At The Child Center of NY, we simply wouldn’t be able to provide the same level of service were it not for the generous support of donors at all giving levels. Part of the challenge we — and all non-profit organizations — face is how to engage and maintain engagement with millennials, who often feel removed from the tangible results their philanthropic efforts might yield. Younger people may give less money, perhaps because the amount they can spare is a proportionately greater share of their assets and income. But they give thoughtfully and strategically, and their gifts make a big difference.
Ashley Dean, an audit associate with KPMG’s Asset Management division, is only 25 years old. But having grown up in a poor, “socially oriented” family, she already knows the intrinsic value of giving back.
“Immigrant parents tend to push education as a means to break the cycle of systemic poverty. But they also push the ideal of not forgetting from where you came, which often manifests itself in the form of community involvement. I believe we should do the most good with whatever it is we have,” said Ashley. “When I finished college, I immediately starting asking what I could do to help.” That’s when her brother, Jaime Angarita, introduced her to The Child Center of NY.
Last fall, Ashley found a niche in her company’s existing divisional structure and was able to get her entire alternative investments practice on board with a toy drive for the holidays. KPMG became The Child Center’s #1 toy drive sponsor, donating funds or toys for nearly 250 children. She noted that younger people in her division hadn’t previously been as involved at this level, in most cases, because “poverty, and what each of us can do to help, is simply not a common workplace conversation in Finance/Accounting.” However, as Ashley became the go-to contact for KPMG’s employees’ individual (and encouraged) philanthropic efforts, she learned to “work it” at happy hours and other events, approaching colleagues on a social level before asking them to participate in fundraising.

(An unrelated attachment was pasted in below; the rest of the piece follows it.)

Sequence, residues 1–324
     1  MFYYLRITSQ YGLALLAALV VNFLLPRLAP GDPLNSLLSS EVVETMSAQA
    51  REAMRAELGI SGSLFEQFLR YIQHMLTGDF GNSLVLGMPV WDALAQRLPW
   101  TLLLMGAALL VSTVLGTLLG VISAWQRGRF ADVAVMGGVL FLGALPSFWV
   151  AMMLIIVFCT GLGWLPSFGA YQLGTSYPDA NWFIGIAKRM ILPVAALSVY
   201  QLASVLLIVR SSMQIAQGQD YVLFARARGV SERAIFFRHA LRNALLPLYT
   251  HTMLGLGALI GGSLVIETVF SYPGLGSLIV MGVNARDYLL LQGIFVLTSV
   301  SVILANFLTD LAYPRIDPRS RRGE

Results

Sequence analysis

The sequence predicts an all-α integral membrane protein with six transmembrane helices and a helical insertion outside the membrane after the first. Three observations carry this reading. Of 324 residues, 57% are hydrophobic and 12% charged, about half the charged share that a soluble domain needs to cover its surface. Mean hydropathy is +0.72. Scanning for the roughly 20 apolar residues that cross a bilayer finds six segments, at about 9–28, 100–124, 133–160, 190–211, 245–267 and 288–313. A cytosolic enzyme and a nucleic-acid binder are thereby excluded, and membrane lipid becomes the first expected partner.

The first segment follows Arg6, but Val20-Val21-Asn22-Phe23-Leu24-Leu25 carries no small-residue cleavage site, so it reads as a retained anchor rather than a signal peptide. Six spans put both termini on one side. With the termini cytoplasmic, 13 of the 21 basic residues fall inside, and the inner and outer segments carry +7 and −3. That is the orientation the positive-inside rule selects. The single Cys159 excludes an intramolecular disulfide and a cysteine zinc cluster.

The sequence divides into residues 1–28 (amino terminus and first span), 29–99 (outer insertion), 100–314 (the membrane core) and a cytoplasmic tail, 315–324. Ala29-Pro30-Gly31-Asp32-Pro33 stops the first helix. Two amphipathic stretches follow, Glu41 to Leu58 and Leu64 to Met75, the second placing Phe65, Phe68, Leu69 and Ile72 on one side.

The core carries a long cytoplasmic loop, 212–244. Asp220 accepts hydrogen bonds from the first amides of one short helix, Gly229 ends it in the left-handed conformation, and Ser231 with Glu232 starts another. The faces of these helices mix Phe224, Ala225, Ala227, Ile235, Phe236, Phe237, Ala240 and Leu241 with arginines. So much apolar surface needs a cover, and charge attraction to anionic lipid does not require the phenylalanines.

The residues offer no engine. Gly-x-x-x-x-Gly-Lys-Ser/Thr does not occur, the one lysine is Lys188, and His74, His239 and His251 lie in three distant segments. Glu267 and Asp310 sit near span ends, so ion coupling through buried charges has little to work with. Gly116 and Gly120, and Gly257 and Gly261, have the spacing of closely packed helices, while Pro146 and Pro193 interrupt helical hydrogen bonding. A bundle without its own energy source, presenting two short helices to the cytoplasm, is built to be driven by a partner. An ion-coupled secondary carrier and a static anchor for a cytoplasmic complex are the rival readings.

“There were a few years where the only Christmas presents we received in my home were from toy drives like the one organized by The Child Center of NY,” Ashley explained further. “I can’t tell you how rewarding it was for me to help other kids find some joy at the holidays.” Her goal is to have the drive expanded this year to other divisions in the New York office.
And Ashley’s next project was even more successful. Piggybacking off the KPMG “Families for Literacy” effort, she helped direct nearly $13,000 worth of books – 5,006 volumes and counting – to The Child Center’s Youth Development and Early Childhood Education programs.
“We are beyond grateful to KPMG for their VERY generous donation of thousands of books to our youth and families!” said Nicholas Ferreira, Child Center’s Vice President of Youth Development. “And the timing couldn’t be better. During summer when school is out for months, so many of our youth drop off academically due to ‘summer learning loss.’ This gift is an important step in combating that loss by promoting literacy and helping our youth return to school ready to learn.”
On the horizon for this fall: Ashley would like KPMG to become one of The Child Center’s annual backpack drive sponsors, providing bookbags and/or books to go inside them for students of all ages attending our partner New York City public schools.